I want to tail a bunch of unknown directories names containing a particular non-existant file, e.g.:

tail -F /tmp/*/app.log

However that does not work as intended with the wildcard: if I create a file with that path, tail won't start following unless I restart the command. On the other hand if I run:

tail -F /tmp/example/app.log

as soon as the file appears the command will output: tail: '/tmp/example/app.log' has appeared; following new file

I have tried the -f filename --retry combination instead of -F and the result is the same.

How can that be solved and are there any other ways to achieve the same goal?


/tmp/*/app.log will be expanded by the shell (BASH I presume). If there exist matches, then this will be expanded to those matches and then passed as arguments to tail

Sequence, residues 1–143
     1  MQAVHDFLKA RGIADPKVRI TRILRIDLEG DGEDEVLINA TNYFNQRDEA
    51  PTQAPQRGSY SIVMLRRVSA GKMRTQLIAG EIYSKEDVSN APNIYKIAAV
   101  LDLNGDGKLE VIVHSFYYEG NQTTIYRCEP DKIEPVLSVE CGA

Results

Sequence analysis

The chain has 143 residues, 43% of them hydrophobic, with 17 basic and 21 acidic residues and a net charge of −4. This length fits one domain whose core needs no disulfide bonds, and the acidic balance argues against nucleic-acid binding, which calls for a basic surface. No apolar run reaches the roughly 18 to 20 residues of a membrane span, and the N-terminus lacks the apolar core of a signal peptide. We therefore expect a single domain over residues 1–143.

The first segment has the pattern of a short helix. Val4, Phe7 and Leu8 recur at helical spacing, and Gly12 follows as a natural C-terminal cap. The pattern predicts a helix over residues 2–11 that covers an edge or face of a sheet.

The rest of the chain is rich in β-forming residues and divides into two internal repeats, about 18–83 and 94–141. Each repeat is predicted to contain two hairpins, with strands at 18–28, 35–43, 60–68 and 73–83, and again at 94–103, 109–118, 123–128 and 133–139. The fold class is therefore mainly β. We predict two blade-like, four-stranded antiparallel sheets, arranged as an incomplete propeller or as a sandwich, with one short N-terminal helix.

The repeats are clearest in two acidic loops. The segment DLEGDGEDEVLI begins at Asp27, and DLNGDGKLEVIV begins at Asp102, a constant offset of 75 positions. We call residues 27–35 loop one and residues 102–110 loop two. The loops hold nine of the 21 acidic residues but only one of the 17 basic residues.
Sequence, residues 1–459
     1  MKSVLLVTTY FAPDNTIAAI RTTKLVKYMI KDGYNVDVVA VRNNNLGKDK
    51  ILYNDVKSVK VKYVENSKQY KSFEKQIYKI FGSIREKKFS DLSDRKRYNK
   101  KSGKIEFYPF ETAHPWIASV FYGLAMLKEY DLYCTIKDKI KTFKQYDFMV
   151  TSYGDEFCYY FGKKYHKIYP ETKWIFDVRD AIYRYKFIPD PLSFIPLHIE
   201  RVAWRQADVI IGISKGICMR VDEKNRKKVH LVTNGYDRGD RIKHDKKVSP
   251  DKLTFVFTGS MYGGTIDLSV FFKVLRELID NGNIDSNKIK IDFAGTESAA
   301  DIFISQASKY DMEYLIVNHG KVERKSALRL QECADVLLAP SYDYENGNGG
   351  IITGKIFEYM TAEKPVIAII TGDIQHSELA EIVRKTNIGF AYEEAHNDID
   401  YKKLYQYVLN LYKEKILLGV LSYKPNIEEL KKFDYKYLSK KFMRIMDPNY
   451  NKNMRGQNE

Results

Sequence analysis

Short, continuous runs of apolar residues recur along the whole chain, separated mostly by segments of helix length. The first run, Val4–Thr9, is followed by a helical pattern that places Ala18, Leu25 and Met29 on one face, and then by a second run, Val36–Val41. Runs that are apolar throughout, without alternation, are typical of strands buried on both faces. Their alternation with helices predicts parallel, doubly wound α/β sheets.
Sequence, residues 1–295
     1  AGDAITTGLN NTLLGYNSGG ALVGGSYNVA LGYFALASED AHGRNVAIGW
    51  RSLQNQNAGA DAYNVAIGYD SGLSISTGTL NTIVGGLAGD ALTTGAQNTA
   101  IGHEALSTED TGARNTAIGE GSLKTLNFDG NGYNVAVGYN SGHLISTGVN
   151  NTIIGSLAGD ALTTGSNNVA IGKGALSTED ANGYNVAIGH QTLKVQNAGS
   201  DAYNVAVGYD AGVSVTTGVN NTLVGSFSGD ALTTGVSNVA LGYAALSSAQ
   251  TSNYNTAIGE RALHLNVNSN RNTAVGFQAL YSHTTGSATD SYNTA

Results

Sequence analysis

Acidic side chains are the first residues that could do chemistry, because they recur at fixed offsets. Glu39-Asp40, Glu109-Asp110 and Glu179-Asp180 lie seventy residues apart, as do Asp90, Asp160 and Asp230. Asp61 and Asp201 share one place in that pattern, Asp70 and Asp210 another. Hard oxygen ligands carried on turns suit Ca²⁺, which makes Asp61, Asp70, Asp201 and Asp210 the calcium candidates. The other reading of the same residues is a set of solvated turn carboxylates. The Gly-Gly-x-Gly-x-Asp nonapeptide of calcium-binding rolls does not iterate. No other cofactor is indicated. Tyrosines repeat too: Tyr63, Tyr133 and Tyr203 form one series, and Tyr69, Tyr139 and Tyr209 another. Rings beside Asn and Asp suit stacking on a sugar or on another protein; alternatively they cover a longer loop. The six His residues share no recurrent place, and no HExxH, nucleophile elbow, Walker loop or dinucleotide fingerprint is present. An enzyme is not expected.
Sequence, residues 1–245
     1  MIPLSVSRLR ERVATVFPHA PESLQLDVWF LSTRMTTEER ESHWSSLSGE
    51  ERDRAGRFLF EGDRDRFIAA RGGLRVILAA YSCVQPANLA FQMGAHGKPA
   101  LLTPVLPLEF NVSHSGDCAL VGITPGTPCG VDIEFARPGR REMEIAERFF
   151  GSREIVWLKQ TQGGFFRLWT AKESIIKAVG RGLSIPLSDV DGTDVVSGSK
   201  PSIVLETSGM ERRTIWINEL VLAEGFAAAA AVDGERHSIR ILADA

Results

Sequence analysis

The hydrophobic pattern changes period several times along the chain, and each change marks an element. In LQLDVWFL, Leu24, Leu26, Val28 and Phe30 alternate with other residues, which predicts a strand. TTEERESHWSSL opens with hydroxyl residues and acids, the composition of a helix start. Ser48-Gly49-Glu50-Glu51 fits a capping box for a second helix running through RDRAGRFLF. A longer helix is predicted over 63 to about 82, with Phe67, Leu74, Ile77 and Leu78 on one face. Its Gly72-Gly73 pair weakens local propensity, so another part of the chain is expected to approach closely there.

$ find /tmp/test -type f

$ echo /tmp/test/*/app.log                                                                                                                                                                                        
/tmp/test/a/app.log /tmp/test/b/app.log

So, in the above case, tail would be configured to follow specifically app.log in a and app.log in b. If, at the time it was started, app.log in b didn't exist, it would not be followed. If new directories or files are created, it will also not follow them.

In the case of no matches, the unexpanded string will be passed as an argument to tail

$ echo /tmp/test/*/app2.log                                                                                                                                                                                     

So, it will attempt to follow the literal pathname/filename /tmp/test/*/app2.log, which will probably never exist (or if it does exist, it's been created in a very odd way because having * as a directory name is not something I would advise doing under normal circumstances).

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